Low returns are for wimps?

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MIKE WOOTTON

MIKE WOOTTON

By “low returns” I mean returns on investment which are less than might be desired by, say, fairly aggressive investment bankers, stockbrokers or major international industrial companies; for the sake of example let’s call a low return 5 percent to 10 percent IRR. By “wimps” I mean people who are not strong, brave or confident.

From my observation nowadays when banks are paying something like 0.75 percent interest on deposits, the oligarchic kind of local investor seems to have an expectation of anything between 20 percent and 30 percent IRR. Any investment prospect much below this would be scoffed at. In most of the developed world, returns of 10-15 percent would be considered quite good.

The inflated local expectations must be a direct result of monopolistic practice, lack of regard for quality, the outrageous price of land and political and regulatory capture. Life is good, for some. I would find it difficult to believe that the high returns are due to quality customer service and business efficiency in the face of competition—the sorts of things that text books would claim should lead to fat profits.

But that said, is it really necessary for investors to always pursue the absolute maximum possible return? I don’t think so. They do it because they want more for themselves and in order, they will say with justification, to retain the confidence of the market—to get funds and punters to give them yet more money to invest and produce decent dividend payments.


Problem is that this need for big returns for attracting more money for “growth” keeps pushing the bar ever higher. To announce at a stockholders meeting a plan to make some low return investment for a social good would meet with [a lot]less than majority approval. When Shell recently put to stockholders the idea for shifting from a fossil fuel company to a renewable energy company, 99 percent voted against the proposal.

Pension funds are big investors and I remember once at a conference hearing a lady who was the head of a state pension fund was asked if she would favour putting some fund money into lower return investments that provided a social good. “No way” was her immediate response. “We need to get the biggest returns that we can,” she said.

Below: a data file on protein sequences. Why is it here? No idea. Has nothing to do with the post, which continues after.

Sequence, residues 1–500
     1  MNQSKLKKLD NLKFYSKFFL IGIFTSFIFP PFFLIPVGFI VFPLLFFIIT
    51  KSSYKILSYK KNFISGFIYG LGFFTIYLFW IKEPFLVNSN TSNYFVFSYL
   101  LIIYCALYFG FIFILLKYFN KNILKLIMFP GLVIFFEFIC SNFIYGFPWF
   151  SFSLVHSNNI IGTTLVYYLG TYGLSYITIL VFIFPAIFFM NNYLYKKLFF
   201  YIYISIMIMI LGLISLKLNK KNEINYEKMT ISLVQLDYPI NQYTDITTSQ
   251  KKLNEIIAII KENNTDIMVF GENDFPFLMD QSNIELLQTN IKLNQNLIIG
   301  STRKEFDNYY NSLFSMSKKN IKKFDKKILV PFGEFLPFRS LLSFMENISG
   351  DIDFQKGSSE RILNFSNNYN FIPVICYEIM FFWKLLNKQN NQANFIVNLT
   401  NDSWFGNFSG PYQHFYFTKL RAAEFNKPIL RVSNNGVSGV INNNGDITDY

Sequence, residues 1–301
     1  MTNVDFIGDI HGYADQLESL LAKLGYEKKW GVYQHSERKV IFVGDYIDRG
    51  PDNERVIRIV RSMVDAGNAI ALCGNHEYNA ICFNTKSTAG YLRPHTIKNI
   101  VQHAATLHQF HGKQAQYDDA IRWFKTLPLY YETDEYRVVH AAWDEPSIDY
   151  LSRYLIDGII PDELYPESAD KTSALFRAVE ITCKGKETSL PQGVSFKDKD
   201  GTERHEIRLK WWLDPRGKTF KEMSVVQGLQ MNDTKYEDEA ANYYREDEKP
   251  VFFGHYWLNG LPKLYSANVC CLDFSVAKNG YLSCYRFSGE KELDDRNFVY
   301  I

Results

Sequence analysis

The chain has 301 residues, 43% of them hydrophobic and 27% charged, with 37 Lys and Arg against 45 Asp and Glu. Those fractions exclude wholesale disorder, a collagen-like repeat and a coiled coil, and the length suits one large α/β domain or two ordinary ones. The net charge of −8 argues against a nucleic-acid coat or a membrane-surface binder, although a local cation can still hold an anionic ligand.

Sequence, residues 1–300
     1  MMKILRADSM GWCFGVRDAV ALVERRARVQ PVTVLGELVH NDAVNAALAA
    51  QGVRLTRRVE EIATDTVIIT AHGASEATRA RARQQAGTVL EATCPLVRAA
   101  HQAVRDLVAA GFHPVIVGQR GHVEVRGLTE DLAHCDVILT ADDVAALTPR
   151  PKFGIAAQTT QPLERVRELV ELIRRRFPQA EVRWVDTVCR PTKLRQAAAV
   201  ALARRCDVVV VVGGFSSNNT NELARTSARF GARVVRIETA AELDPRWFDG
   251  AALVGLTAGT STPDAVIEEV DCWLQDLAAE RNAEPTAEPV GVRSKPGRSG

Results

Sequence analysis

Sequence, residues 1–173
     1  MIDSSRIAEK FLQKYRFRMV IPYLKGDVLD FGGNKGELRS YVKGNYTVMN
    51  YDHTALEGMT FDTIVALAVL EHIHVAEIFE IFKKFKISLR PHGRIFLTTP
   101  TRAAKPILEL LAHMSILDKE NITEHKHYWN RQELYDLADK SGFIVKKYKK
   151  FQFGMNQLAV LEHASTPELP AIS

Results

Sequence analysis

Ethical investing which is becoming a biggish area ($7 trillion or 18 percent of the $37 trillion funds under management) is less about accepting low returns for social good than it is about not investing in sin type businesses such as tobacco, alcohol, armaments and even some medicinal drugs. There is little in the way of conscious investment in low return social goods, that sort of thing is considered best left to the charities.

Investment banks want to use the funds that they manage in prospects with minimal risk and maximum return. They get their 3 percent or 4 percent or more and high returns for their customers. Occasionally they will dream up some ill-conceived scheme—like trading suspect mortgages—which will bring the world’s financial markets to its knees. Then they will have to be bailed out by taxpayers as being “too big to fail.”

In the Philippines, the exceptionally high return expectation does not produce reinvestment and more jobs to the degree to which it seems that it should. The money just disappears. If it did, the lack of jobs situation would not be what it is, and in this context the OFW’s also have to be counted as people who would be unemployed at home adding about 25 percent or 30 percent to the official un- and under-employment statistics.

Enough real jobs need to be created to provide for the underemployed, the unemployed and most of the OFWs who, it is to be assumed, would prefer to work and live at home with their families.

It seems clear that the morality argument for the acceptance of low returns in exchange for social good does not impress; and that using taxation as a leveler just does not work. May be worthwhile giving some thought to statutory enforcement of the use of some reasonable proportion of profits for reinvestment in decent work creating opportunities, which do not pay too much regard to the expected level of profitability, at home. This may also have the benefit of increasing exports and reducing imports.

Mike can be contacted at mawootton@gmail.com.

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2 Comments

  1. Remember we are in a free market society. Investing specially in stocks is a gamble. It is safe to say bigger returns means big gamble. But not always. Look at investors that invested in Apple, they rake in huge ROI. There are no fixed rules. As a senior, I prefer investing in blue chip stocks but then again during a recession, it also is affected. That s why it is a gamble.

  2. Amnata Pundit on

    Greed is universal. When the rich make money, they hoard it. When the poor make money, they spend it. Maybe we should look at the radical idea of taxing huge savings to force the rich to invest even in low return projects that are for the social good.